The case involved twin children conceived by Karen Capato through in vitro fertilization after her husband's death from cancer. Her husband had preserved his sperm after being diagnosed with cancer because he feared the cancer treatment would make him sterile. He died shortly afterwards and his wife conceived the twins about 18 months after his death. She applied to the Social Security Administration for survivors' benefits for the children. She had won her case in the lower federal appellate court, but the Social Security Administration appealed to the U.S. Supreme Court.
The justices in this case examined several sections of the Social Security Act. The court found that while the Capato children met the definition of child under the act, they didn't meet the act's requirements for family status in order to qualify for survivor benefits. One of those requirements was whether the children could inherit under the intestacy law of their father's residence at death. Florida's law permits children born posthumously to inherit only if they were conceived during the father's lifetime.
It might seem likely a rare circumstance that would require such a ruling but PSB News Hour reports that there are currently more than 100 applications for survivor benefits pending with the social security administration from posthumously conceived children. Whether is decision will apply to them will depend heavily on what state their deceased parent resided in at the time his death. In 2011 Washington State addressed the issue of posthumously born children in RCW 26.26.730 but determining that If an individual who consented in a record to be a parent by assisted reproduction dies before placement of eggs, sperm, or an embryo, the deceased individual is not a parent of the resulting child unless the deceased individual consented in a signed record that if assisted reproduction were to occur after death, the deceased individual would be a parent of the child.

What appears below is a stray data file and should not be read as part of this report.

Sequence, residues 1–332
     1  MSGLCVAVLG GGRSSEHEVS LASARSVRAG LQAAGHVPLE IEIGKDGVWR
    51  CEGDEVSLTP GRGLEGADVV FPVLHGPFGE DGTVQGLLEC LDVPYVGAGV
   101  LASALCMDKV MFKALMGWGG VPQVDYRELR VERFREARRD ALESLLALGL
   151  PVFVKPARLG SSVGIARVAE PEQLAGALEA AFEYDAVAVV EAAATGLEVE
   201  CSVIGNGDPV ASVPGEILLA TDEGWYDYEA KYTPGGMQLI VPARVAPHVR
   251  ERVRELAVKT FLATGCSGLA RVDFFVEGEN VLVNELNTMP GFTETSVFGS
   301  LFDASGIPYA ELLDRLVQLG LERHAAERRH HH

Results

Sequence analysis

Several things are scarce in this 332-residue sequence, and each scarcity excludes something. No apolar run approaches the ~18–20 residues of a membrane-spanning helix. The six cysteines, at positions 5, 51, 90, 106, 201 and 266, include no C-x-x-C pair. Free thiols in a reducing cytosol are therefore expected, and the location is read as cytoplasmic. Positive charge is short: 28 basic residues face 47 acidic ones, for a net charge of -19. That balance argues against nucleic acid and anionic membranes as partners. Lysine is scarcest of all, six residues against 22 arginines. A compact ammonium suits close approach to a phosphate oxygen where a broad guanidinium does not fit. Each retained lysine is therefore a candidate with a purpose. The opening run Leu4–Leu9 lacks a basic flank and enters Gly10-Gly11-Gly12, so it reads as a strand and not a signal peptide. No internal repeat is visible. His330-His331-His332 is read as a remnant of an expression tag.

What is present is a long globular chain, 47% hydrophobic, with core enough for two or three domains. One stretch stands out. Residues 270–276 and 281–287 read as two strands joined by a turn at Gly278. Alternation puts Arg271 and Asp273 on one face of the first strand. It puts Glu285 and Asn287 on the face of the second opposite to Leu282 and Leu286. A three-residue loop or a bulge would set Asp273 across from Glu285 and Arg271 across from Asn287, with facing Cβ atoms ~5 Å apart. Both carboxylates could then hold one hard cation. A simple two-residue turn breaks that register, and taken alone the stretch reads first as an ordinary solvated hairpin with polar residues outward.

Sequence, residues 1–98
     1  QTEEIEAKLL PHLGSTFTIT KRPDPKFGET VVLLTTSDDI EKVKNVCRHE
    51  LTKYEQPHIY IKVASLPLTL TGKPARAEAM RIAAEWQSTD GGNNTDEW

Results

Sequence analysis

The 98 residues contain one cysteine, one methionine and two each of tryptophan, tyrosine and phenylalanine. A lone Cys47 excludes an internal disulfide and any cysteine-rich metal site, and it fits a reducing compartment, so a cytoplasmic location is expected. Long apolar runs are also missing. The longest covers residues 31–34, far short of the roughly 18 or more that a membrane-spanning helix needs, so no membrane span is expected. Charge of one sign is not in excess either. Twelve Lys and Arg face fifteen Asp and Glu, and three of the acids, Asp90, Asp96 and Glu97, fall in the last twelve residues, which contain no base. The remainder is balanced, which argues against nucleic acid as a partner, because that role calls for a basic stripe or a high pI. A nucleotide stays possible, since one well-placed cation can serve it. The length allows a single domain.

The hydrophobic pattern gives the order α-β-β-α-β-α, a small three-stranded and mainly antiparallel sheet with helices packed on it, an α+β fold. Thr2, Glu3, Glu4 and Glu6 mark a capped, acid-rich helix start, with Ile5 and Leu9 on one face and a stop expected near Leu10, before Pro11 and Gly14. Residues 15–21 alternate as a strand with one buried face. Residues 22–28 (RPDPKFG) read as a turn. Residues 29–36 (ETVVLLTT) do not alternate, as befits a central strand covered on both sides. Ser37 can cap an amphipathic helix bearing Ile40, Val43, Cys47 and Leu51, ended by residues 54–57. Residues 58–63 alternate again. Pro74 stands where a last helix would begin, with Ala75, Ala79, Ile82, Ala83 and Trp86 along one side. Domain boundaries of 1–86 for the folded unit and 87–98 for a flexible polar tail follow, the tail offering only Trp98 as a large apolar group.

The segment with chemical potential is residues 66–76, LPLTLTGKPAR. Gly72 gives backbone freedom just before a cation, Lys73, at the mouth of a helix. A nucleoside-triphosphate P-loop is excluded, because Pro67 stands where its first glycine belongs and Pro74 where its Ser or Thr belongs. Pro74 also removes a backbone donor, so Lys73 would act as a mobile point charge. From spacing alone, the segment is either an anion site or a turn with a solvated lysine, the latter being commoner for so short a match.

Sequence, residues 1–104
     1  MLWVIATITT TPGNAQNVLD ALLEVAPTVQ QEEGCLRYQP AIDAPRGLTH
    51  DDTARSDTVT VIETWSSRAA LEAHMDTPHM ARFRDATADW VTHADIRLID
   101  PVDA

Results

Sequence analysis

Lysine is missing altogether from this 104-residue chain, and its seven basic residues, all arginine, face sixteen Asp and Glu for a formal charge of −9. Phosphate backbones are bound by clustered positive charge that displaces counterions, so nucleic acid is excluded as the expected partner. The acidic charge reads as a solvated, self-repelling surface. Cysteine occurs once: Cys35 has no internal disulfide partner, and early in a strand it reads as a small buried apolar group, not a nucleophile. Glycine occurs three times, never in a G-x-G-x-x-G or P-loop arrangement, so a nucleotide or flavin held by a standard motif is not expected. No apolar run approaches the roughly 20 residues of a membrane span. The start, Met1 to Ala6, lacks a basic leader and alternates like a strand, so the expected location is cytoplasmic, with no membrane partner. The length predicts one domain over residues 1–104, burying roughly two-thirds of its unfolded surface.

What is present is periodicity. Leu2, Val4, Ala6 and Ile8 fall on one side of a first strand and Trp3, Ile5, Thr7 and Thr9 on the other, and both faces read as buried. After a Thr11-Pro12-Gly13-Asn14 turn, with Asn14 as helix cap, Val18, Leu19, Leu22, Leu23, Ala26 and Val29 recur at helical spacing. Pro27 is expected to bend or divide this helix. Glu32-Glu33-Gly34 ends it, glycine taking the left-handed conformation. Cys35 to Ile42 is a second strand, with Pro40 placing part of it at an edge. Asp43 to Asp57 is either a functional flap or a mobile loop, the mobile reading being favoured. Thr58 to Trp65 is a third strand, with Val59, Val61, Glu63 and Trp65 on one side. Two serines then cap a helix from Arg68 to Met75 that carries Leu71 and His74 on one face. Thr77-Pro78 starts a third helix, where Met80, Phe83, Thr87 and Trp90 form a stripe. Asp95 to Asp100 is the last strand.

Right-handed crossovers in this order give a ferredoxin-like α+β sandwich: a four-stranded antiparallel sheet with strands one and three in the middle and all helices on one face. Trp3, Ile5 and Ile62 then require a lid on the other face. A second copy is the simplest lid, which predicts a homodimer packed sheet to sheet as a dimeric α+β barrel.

The decision in the Capato case is silent as to whether such a record existed but it seems unlikely since such an option isn't contemplated under Florida Law but it would likely be the deciding factor for children conceived after the death of a parent who was a resident of Washington State at death.
If you have questions about the rights of posthumously born children or other circumstances raised by non-traditional family relationships, please contact us for a free consultation at (206) 459-1908 or email us at firstname.lastname@example.org.